Before you cook any food–particularly something you’ve never cooked before–you want to assess the food’s physical characteristics: how much fat it has, how much lean meat, the presence of bones, etc.
A cicada is mostly protein with a fair amount of shell and very little fat. Now, fat is a carrier of flavor–that’s why we like our meat marbled–so to up the flavor quotient in cicada, I prefer to fry it and perhaps serve with some cheese.
Before you do anything, though, you want to select the right bug. I try to snag the little guys coming right out of the ground. The youngest of any breed is usually the most tender (think veal, suckling pig, etc.), and the younger cicadas have a softer exoskeleton. Once the cicada hits a tree, it begins to transform into a larger, winged creature; to eat these, you have to clip the wings and they look a lot less appealing (though I realize to many this is a fine distinction).
Once home, parboil the bug: I put a cup or so of cicadas in rapidly boiling water for about a minute then scoop then out and drop into an ice water bath. The shell reddens slightly, just as would be the case with the cicada’s crustacean brethren (they’re all arthropods, so if you’re allergic to shellfish, do not eat cicadas).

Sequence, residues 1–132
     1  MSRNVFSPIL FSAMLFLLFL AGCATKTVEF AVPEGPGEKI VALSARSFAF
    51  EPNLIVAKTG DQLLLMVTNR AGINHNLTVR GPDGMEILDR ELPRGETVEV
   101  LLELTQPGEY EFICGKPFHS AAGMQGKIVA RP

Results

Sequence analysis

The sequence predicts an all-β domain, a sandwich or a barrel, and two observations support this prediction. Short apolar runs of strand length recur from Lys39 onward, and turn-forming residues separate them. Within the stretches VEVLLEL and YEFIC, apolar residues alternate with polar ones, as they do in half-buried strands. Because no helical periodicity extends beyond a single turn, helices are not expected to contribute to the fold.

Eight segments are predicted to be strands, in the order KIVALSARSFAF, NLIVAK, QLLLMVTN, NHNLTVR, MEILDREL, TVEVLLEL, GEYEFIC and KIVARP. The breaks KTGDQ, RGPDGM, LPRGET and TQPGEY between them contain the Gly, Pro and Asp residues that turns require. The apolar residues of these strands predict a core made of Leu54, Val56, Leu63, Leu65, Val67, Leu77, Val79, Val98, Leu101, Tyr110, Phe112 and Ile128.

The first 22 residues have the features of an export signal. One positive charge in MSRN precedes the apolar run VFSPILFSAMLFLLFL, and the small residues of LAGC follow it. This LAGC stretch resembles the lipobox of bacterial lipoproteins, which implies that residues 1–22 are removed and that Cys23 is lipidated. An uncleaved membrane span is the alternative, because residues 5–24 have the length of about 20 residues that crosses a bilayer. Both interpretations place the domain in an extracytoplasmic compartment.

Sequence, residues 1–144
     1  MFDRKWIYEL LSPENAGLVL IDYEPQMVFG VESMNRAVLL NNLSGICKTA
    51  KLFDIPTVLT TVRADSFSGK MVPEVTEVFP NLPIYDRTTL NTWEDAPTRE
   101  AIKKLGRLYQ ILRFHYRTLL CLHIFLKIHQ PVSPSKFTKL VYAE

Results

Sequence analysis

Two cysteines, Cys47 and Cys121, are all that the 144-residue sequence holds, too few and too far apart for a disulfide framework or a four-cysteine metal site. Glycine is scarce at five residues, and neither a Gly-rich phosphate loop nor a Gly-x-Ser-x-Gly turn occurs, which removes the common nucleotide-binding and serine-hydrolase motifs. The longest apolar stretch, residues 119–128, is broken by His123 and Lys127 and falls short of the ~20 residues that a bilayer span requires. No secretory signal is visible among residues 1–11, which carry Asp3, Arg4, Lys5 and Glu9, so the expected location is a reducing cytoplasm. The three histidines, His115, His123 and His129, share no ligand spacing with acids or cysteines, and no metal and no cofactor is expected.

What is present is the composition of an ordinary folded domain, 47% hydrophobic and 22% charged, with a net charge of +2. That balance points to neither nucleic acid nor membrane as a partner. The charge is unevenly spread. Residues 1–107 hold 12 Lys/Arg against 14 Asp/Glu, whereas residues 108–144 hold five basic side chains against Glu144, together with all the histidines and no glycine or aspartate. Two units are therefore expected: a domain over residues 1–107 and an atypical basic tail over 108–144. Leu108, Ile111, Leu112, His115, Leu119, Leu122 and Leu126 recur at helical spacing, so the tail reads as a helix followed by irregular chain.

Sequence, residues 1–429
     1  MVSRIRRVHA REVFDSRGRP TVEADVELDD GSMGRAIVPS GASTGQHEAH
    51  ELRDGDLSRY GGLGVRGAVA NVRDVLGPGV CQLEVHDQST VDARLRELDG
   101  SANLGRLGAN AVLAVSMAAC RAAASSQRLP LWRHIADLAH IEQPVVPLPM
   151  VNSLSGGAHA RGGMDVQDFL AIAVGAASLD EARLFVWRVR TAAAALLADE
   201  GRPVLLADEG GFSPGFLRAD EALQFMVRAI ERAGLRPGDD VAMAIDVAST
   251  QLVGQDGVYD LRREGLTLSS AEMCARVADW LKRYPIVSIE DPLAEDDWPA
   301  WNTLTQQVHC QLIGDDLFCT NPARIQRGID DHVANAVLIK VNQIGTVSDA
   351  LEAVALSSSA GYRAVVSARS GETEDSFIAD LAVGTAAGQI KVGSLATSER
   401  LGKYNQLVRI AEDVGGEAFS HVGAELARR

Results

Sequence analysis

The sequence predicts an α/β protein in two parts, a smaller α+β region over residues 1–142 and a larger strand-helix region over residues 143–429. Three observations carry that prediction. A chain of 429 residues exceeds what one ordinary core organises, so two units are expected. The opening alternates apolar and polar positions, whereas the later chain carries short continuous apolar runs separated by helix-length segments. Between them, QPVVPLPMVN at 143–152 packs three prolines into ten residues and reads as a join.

Now, with frying, you can bread them or fry them commando style by just dropping the bug into hot fat. My wife, Carolyn, does a fine tempura cicada. We drop the cicadas into tempura batter (just rice flour, egg, and water) and fry the creatures. Carolyn rolls them with a little steamed carrot, chive, umeboshi paste, wasabi, and soy (the critters need a little salt). In nori rolls, the bugs look great, and they appeal to people because the nori roll is a familiar preparation and the insect is hidden inside.
My friend Catherine Lambrecht developed two very good preparations. One is a variation of the children’s favorite, “ants on a log,” with a dollop of chevre (fresh goat cheese) on an endive. On top, a cicada is mounted…but not mounted in the way it had hoped to be when it emerged from the earth after 17 years (Ho! Try the veal!). The cheese provides the fatty base for the leaner cicada.
I’ve found that the cicada has notes of peanut butter. Consequently, we thought it’d be great with jelly. So we got a piece of celery, added some blueberry preserves from Genesis Growers, a local artisanal farmer, and added the bug. (PS to locavores: cicada cookery is the ultimate in eating locally.) It tasted like a crunchy PB&J, with the celery providing a moist element that makes the whole thing go down easy.
And that can be a challenge.
(Photos courtesy Catherine Lambrecht.)